Aid stations the last ten miles were about a mile apart. Somewhere not too far along another runner came by and we chatted. I mentioned my cramps, and he pulled out a bag of "electrolyte tablets" and gave me two. I had also started forcing pretzels down at almost every aid station after my cramps first began, and I was not seriously bothered by them anywhere in the last ten miles.

Station #16 was at the 31.0 mile mark, and I proudly announced that I had just tied my longest run ever (having done 50K in 1991 in preparation for the Honolulu marathon). The next miles continued to be mostly uneventful. A sign at a switchback announced "Summit 2 miles." Nonetheless, it took me awhile to get to aid station #19, two miles from the end of the race. That "2 miles" referred perhaps to a lower parking lot than the one where the finish line was set up.

I was more-or-less keeping up the 50-jog-50-walk routine. I passed one guy who was walking (he had of course passed me somewhere in the previous 20 miles), then he ran by me when I walked. I passed him again on my next jog, and didn't see him again.

The astronomical observatories on the top had frequently been visible from first daylight, depending on how much the mountain humped and what direction one was facing. They started looking really close, but disappeared around a bend for a while in the last mile. When they reappeared, I could see that the road didn't lead directly to them, but turned left and up the hill. Then a park employee directed me onto a road blocked to regular traffic, and I was clearly on the last rise. Turn to the right over the hill, and there to the left was the finish line! I confess I felt some relief, although I wasn't really in any distress, so far as I can recall now. My time was 8:52 (it was about 12:22 p.m.; I had 2:08 to spare), good for first in the 60+ division, although they couldn't know that until the 9:52 point by which time a 4:30 a.m. starter might have done it faster.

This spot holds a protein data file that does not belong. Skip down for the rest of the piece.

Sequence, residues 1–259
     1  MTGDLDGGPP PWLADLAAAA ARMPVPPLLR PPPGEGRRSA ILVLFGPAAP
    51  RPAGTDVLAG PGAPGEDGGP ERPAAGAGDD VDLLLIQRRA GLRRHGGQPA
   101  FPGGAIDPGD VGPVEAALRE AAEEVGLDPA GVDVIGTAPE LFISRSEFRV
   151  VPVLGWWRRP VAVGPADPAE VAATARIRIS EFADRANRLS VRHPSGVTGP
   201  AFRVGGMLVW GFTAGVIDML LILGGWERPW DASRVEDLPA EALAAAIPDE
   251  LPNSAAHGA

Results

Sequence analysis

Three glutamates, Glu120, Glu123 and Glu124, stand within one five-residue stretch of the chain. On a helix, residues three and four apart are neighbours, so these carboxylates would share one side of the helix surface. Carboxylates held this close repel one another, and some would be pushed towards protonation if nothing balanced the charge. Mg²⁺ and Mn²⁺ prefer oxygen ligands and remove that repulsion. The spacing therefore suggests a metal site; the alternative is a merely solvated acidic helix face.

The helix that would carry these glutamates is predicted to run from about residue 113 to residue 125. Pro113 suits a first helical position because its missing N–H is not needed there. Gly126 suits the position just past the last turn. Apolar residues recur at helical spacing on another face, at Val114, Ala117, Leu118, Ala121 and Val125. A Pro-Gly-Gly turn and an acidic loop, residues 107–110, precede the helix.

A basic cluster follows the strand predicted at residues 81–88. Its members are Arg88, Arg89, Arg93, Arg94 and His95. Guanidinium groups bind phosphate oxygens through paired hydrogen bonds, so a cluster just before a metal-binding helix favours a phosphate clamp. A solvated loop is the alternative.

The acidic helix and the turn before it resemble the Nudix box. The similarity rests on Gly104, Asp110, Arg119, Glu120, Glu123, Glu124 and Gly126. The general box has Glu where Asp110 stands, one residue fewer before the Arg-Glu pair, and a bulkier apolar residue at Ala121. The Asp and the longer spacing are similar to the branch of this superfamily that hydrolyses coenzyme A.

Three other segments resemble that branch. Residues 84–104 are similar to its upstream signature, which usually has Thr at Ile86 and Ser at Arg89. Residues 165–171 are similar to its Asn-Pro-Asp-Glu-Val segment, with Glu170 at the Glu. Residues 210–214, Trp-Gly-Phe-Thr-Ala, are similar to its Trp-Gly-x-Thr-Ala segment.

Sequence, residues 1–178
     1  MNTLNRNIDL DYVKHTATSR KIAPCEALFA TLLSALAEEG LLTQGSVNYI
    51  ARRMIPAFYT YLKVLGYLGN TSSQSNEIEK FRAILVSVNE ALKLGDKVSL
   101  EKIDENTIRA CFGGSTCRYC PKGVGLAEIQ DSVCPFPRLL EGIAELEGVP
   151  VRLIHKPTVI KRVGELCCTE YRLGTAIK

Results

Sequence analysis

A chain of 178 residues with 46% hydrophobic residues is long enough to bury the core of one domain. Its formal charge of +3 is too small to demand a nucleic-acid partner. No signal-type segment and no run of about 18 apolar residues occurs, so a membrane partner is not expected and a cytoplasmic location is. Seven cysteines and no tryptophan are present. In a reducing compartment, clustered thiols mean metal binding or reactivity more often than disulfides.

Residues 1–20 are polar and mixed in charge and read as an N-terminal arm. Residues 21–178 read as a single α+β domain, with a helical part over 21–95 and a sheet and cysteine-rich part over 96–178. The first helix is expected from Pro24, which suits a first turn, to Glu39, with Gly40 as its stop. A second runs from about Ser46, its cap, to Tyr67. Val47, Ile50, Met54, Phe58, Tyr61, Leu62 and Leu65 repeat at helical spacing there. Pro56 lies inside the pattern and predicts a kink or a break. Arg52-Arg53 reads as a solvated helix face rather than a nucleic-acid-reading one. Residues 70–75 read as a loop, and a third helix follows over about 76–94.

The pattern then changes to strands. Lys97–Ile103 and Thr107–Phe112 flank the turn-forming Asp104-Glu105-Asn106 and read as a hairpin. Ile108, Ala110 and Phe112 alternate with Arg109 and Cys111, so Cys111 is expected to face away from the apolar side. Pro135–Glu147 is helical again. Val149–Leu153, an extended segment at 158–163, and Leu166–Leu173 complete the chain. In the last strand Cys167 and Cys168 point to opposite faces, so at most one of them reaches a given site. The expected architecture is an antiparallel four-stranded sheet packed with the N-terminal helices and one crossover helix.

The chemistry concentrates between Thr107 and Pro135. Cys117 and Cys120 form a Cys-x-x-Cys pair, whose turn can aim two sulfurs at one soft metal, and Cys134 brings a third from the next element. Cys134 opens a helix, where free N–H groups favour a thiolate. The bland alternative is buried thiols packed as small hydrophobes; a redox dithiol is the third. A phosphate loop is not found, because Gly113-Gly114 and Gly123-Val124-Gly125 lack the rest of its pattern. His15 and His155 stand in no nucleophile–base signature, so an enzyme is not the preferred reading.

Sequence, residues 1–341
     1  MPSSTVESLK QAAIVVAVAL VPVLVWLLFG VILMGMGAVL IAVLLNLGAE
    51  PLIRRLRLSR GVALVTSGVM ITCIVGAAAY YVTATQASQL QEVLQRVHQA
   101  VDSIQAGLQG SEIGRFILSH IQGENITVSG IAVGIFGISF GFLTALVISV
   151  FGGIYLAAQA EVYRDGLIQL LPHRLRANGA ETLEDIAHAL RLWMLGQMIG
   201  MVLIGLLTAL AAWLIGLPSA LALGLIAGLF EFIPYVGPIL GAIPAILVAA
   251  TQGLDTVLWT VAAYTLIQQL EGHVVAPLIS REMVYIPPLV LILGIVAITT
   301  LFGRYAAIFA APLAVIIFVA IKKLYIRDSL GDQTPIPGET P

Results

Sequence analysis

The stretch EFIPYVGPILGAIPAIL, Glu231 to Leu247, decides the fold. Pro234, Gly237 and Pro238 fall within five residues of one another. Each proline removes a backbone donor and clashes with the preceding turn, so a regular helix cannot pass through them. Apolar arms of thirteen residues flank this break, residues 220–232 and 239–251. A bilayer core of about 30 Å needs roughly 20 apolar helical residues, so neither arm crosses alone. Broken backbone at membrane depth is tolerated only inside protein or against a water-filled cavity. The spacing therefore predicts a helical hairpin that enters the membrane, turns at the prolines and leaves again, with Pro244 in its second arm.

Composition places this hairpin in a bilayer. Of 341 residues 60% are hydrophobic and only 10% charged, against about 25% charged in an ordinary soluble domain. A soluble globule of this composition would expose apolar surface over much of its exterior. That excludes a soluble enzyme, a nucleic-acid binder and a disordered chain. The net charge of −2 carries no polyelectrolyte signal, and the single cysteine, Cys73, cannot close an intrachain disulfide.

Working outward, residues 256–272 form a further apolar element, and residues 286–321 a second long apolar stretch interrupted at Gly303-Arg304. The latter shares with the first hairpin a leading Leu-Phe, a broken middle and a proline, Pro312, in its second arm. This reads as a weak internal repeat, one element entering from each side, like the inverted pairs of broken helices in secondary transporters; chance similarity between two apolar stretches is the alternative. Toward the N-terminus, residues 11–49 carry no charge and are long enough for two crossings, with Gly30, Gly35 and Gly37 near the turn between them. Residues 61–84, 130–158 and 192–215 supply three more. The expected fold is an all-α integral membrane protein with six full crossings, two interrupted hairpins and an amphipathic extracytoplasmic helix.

I tried stopping to get my bag and some soup and sit down at the final aid station, but instead I had to keep walking to fend off the cramps. I detoured to the lookout points (one on either side of the parking lot) until the cramping went away, and I collected my bags and a Cup-o'-Noodles (there was nothing to eat them with--I had to drink all the broth and then try to gag down the noodles "dry" by pouring/dragging them into my mouth. I guiltily discarded half of them).

It was cold up there. I unpacked my raincoat and put it on, all zipped up and hood over my head, but I was still chilly. I grabbed the first available "shuttle" van down to the picnic, just short of an hour of my arrival at the top. Bob Doleman was about half a mile from the finish when we passed him. He would end up with second place. Tom Knoll had given up because of his twisted ankle, and I don't know if there were any others in our age group.

Story too long? So was the run.